5 things about AI you may have missed today: AI chatbots doing bureaucrats' work in test, Tim Cook on AI, and more
AI Roundup: AI chatbots beat civil servants in productivity test, AI can transform geopolitics and much more today.
AI chatbots are doing civil servants work in the UK to gauge how they fare in a productivity test; Apple plans to hire UK AI staff amid layoffs; Tim Cook discusses AI, apps, and iPhone gaming - this and more in our daily roundup. Let us take a look.
1. AI chatbots productivity test
AI chatbots are being used by the Department for Education in a trial to analyse lengthy reports typically handled by humans, aiming to increase Whitehall's productivity. While the PCS civil service union did not oppose AI use, they stress the need for clear guidelines to ensure benefits are shared among workers. These advanced chatbots, powered by AI, can swiftly process information, including images, revolutionising work practices across various sectors. The government acknowledges their "significant implications" for future official tasks, according to a BBC report.
2. AI transforms geopolitics, says political scientist Ian Bremmer
Artificial Intelligence's impact on geopolitics and globalisation is significant, according to political scientist Ian Bremmer. He believes AI can drive a new era of globalisation, benefiting areas like education and medicine while enhancing efficiency in various sectors. However, Bremmer warns of potential negative disruptions, emphasising the need for governance involving not only governments but also technology companies to address these challenges, CNBC reported.
Apple plans to increase its workforce in the UK, focusing on artificial intelligence (AI) roles, in contrast to layoffs in the tech industry. CEO Tim Cook criticised the tech layoff trend, emphasising that hiring is a priority for Apple, according to a BBC news report. Other tech giants like Amazon and Microsoft have also invested heavily in AI. This move is seen as a vote of confidence in the UK's growing tech sector, with AI expected to drive job growth in the short term, though long-term skills needs remain uncertain.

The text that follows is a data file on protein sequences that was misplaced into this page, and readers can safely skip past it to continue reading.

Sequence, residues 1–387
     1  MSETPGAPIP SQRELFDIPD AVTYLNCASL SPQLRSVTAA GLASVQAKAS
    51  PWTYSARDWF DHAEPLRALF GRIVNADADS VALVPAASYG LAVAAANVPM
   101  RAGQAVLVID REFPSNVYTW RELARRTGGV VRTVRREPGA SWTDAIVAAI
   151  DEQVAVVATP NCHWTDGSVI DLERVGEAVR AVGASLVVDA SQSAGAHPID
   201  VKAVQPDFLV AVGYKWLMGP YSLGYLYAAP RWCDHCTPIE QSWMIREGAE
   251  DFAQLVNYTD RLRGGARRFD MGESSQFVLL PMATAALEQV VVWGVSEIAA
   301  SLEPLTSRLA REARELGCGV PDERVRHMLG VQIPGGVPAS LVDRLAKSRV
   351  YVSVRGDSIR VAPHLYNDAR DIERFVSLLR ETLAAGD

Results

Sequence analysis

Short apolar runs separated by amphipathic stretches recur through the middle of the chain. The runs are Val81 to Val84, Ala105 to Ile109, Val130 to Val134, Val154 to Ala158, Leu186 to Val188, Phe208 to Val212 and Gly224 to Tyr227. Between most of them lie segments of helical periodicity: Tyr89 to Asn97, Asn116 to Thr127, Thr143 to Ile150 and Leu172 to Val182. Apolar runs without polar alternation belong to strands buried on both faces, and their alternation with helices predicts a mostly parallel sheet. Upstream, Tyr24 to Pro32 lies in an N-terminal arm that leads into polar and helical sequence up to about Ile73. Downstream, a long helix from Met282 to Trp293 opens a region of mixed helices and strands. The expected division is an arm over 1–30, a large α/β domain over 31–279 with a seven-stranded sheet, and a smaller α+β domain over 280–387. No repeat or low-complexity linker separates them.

4. Tim Cook discusses AI, apps, Vision Pro, and iPhone gaming at Apple
Apple CEO Tim Cook discussed the company's use of artificial intelligence (AI) during a visit to London. Cook highlighted the pervasive use of AI in Apple's products, from fall detection to predictive text. He emphasised that Apple focuses on the consumer benefits of AI applications rather than labelling them as "powered by AI." Cook also mentioned Apple's cautious approach to generative AI, acknowledging concerns about bias and hallucinations while prioritising being the best rather than the first in this technology, Forbes reported.
5. Chinese artists boycott social media over AI-generated images
Chinese artists are boycotting the social media platform Xiaohongshu due to concerns about its AI image generation tool, Trik AI. According to CNN, the controversy arose when an artist named Snow Fish accused the platform of using her work to train Trik AI without her permission. Similarities between her artwork and AI-generated images prompted the outcry. China recently introduced regulations for generative AI, and while Xiaohongshu and Trik AI have not publicly commented, they privately apologised to Snow Fish and removed the contested posts.
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